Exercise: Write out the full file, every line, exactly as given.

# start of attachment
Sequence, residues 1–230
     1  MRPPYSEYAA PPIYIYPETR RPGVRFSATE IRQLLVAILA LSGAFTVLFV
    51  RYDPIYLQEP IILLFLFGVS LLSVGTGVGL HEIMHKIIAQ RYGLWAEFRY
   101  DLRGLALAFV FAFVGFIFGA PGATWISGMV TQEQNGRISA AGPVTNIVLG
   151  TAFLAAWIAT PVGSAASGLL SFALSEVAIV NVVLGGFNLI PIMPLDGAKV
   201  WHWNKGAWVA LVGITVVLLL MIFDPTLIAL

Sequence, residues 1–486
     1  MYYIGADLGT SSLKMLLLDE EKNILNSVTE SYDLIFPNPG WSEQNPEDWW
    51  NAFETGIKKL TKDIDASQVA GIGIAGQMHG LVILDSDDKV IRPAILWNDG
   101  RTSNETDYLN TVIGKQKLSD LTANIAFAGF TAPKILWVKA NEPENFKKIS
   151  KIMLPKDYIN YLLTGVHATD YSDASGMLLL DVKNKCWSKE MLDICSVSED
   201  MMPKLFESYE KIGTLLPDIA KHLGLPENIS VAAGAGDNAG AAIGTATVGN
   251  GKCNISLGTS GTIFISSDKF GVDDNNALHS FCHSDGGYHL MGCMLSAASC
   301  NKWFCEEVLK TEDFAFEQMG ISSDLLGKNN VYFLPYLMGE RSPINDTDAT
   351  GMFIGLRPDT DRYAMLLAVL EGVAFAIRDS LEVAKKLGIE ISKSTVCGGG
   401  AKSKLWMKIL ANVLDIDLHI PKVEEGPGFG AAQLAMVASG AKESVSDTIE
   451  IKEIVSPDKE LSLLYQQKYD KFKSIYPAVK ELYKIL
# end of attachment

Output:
Sequence, residues 1–230
     1  MRPPYSEYAA PPIYIYPETR RPGVRFSATE IRQLLVAILA LSGAFTVLFV
    51  RYDPIYLQEP IILLFLFGVS LLSVGTGVGL HEIMHKIIAQ RYGLWAEFRY
   101  DLRGLALAFV FAFVGFIFGA PGATWISGMV TQEQNGRISA AGPVTNIVLG
   151  TAFLAAWIAT PVGSAASGLL SFALSEVAIV NVVLGGFNLI PIMPLDGAKV
   201  WHWNKGAWVA LVGITVVLLL MIFDPTLIAL

Sequence, residues 1–486
     1  MYYIGADLGT SSLKMLLLDE EKNILNSVTE SYDLIFPNPG WSEQNPEDWW
    51  NAFETGIKKL TKDIDASQVA GIGIAGQMHG LVILDSDDKV IRPAILWNDG
   101  RTSNETDYLN TVIGKQKLSD LTANIAFAGF TAPKILWVKA NEPENFKKIS
   151  KIMLPKDYIN YLLTGVHATD YSDASGMLLL DVKNKCWSKE MLDICSVSED
   201  MMPKLFESYE KIGTLLPDIA KHLGLPENIS VAAGAGDNAG AAIGTATVGN
   251  GKCNISLGTS GTIFISSDKF GVDDNNALHS FCHSDGGYHL MGCMLSAASC
   301  NKWFCEEVLK TEDFAFEQMG ISSDLLGKNN VYFLPYLMGE RSPINDTDAT
   351  GMFIGLRPDT DRYAMLLAVL EGVAFAIRDS LEVAKKLGIE ISKSTVCGGG
   401  AKSKLWMKIL ANVLDIDLHI PKVEEGPGFG AAQLAMVASG AKESVSDTIE
   451  IKEIVSPDKE LSLLYQQKYD KFKSIYPAVK ELYKIL